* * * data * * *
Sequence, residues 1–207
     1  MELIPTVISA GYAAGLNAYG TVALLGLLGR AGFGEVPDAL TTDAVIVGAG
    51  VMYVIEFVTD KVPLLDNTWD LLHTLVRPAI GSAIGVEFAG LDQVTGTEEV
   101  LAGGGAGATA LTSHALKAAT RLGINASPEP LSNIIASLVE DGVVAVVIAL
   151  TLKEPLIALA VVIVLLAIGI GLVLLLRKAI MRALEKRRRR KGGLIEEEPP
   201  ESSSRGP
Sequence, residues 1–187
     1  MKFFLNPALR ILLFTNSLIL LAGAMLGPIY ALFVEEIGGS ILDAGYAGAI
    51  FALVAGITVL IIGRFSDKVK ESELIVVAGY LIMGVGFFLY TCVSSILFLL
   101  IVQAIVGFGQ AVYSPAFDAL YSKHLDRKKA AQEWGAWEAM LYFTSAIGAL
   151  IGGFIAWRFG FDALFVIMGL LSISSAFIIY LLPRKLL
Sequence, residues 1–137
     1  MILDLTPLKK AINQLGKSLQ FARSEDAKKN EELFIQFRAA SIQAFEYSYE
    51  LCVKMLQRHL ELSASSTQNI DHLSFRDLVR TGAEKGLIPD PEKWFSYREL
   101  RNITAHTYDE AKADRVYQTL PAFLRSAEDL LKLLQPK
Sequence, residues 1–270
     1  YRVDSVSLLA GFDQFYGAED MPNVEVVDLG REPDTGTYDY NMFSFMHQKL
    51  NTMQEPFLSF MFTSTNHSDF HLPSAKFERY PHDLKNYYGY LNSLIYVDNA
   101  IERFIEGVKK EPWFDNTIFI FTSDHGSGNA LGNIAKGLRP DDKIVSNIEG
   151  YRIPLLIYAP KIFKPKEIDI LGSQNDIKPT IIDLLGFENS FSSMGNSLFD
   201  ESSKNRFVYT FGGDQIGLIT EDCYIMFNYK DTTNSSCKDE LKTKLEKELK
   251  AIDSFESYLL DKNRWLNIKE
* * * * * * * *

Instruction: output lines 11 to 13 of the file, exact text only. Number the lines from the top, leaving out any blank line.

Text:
   151  IGGFIAWRFG FDALFVIMGL LSISSAFIIY LLPRKLL
Sequence, residues 1–137
     1  MILDLTPLKK AINQLGKSLQ FARSEDAKKN EELFIQFRAA SIQAFEYSYE